Scammers will try to reach you where you least expect it, including by phone, email, or text message. Be suspicious of any unusual request for your personal or financial information. Don’t click on links that come from people you don’t know, and don’t respond. It’s safest just to delete these messages. Follow these tips to help you recognize and protect yourself from fraud and scams:
- Email phishing is one of the most common ways that people become victims of financial fraud, ransomware, or worse. Be suspicious of any email that promises a deal that is too good to be true, demands you take immediate action, includes attachments or links, or asks you for personal information. Never click on a link or open a file in an email unless you are absolutely certain that you know the sender and that the message itself makes sense.
- Be suspicious of any request for personal or account information. eBay will never ask you to confirm your account password or personal details by e-mail.
- Never open or download files attached to emails you aren’t expecting, even if they seem to come from people or businesses you know. These attachments can infect your system with malware that can steal your personal information, take money from your accounts, buy things on your account, and send scam emails to all your email contacts!
- Watch out for pop-ups that tell you that you need to verify account information, click a link, or download software. When in doubt, close your browser and type in the company’s URL or use a familiar bookmark.
- Scammers will try to reach you where you least expect it, including by text. Don’t click on links that come from people you don’t know, and don’t respond. It’s safest just to delete these messages.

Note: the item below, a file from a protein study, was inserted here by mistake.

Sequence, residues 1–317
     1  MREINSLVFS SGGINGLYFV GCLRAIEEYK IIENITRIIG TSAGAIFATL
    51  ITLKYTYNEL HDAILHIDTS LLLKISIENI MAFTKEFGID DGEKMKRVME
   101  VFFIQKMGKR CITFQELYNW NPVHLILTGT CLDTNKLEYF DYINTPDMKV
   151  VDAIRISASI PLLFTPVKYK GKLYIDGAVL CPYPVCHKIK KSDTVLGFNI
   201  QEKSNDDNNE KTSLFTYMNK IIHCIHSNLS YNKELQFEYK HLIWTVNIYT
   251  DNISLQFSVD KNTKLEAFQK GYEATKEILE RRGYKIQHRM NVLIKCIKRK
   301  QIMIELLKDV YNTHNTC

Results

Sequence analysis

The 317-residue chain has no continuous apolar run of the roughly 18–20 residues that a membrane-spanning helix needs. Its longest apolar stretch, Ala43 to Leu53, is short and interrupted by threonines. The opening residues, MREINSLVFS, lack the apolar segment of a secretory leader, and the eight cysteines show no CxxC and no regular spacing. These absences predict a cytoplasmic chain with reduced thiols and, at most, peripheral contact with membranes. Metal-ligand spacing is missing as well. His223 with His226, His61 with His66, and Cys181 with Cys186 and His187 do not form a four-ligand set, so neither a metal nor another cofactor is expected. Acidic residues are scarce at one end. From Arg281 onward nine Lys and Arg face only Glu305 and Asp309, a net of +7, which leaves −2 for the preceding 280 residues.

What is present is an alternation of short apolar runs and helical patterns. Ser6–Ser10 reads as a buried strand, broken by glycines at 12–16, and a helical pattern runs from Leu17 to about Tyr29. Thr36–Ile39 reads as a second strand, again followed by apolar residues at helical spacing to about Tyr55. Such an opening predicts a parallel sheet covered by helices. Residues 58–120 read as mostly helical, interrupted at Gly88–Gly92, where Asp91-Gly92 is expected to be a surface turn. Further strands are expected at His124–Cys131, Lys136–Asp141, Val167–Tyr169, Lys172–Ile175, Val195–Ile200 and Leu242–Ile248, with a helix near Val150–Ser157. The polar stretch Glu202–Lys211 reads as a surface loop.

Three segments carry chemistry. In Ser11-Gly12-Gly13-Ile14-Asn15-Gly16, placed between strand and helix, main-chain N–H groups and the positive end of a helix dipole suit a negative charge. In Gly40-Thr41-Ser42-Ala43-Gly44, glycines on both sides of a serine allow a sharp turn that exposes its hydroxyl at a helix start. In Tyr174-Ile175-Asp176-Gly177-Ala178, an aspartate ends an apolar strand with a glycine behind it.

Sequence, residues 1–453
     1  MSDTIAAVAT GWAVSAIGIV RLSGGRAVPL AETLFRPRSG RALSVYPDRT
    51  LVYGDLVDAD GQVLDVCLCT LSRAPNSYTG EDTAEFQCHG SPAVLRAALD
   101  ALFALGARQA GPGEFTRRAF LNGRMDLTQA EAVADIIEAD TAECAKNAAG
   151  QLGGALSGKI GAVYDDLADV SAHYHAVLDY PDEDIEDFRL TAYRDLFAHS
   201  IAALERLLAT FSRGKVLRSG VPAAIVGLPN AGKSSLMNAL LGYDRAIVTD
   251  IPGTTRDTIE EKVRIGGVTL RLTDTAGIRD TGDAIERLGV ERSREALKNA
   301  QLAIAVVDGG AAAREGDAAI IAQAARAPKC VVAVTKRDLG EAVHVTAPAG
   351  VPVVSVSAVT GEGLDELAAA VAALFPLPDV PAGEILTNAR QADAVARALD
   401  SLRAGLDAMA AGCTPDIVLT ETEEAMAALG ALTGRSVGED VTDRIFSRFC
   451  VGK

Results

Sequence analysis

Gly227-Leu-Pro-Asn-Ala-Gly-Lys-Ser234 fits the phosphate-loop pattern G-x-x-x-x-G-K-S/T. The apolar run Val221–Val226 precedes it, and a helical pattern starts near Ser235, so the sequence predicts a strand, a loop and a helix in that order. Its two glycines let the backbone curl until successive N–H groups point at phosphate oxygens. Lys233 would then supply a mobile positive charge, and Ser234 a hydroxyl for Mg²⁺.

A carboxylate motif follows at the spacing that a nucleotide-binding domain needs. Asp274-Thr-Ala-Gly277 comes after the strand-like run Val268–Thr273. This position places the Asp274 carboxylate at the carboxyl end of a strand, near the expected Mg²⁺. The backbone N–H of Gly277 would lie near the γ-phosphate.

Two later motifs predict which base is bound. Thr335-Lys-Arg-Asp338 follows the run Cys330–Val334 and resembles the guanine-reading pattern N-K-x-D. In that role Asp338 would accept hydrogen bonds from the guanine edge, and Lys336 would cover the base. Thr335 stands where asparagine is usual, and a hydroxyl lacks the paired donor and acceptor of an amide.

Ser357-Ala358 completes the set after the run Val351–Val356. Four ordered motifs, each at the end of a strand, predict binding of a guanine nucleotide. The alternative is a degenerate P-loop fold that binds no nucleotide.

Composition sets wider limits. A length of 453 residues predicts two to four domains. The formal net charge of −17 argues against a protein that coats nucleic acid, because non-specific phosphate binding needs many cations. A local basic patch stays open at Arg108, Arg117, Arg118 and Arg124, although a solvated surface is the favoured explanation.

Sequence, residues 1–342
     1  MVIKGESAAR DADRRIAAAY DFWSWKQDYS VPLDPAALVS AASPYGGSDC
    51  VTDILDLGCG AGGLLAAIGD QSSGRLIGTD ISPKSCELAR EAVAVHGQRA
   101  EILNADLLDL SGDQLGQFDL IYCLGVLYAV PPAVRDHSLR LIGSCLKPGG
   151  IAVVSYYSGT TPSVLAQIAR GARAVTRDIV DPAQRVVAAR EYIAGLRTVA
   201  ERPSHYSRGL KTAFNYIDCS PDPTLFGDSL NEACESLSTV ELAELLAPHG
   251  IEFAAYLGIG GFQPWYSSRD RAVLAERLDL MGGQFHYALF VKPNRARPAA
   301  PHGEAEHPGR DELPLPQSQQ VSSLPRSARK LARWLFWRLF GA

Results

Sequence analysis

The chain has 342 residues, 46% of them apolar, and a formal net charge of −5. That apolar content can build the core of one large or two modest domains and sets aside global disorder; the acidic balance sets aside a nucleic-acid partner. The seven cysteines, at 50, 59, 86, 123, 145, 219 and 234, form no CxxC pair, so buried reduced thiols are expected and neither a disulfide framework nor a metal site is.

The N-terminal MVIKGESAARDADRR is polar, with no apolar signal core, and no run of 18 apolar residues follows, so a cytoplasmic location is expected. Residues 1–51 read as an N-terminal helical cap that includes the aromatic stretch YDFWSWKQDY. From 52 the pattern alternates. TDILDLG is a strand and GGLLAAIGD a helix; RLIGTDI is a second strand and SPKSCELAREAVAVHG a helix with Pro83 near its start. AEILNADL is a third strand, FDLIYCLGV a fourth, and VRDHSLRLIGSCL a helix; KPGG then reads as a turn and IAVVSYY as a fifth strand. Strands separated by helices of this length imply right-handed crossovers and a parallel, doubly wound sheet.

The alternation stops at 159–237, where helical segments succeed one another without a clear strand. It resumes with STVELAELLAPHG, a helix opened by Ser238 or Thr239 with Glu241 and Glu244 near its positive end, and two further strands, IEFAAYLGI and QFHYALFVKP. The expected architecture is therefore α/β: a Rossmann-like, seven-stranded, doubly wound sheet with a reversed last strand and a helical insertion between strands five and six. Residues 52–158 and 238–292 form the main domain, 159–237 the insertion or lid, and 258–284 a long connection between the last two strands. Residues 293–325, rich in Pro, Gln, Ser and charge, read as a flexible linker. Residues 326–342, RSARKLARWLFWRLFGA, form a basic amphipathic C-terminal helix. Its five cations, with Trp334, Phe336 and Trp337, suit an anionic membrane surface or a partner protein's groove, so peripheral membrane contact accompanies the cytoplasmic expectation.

- Don’t respond to phone requests for your account information either. eBay will never ask you for your password or financial information over the phone.
Fake emails often include the eBay logo and a fake eBay address in the "From" line (for example, "From: email@example.com"). Just because an email looks real doesn't mean it is. To report a fake email that looks like it came from eBay, forward it as an attachment to firstname.lastname@example.org. Here are some signs to watch out for:
||Real eBay email
|Fake emails often ask you to reply to the message with confidential information.
||We won't ask you to provide confidential information by email.
|Fake emails often use urgent and threatening language and instruct you to update your information or risk account suspension.
||Important messages about your account will also be in the Messages tab in My eBay. eBay will not request personal data such as your password, credit card, or bank number in an email.
|Fake emails might include attachments.
||Our emails never include attachments. If you receive a message with an attachment, don't open it.
|Fake emails often have a generic greeting like "Attention eBay member."
||Our emails usually greet you by the first and last name you registered on your eBay account, and your eBay username.
Fake emails often include links to fake web pages designed to trick you into giving up your financial or account information. Here are some tips to help you determine if a web address goes to a real eBay web page:
Watch out for fake URLs (web addresses)
Even if the web address contains the word "eBay", it might not be an eBay website. Real eBay web addresses have ".ebay.com/" in them. There won't be anything between the period and "ebay" and there won't be anything after the ".ca" (or .com) and the first forward slash (/).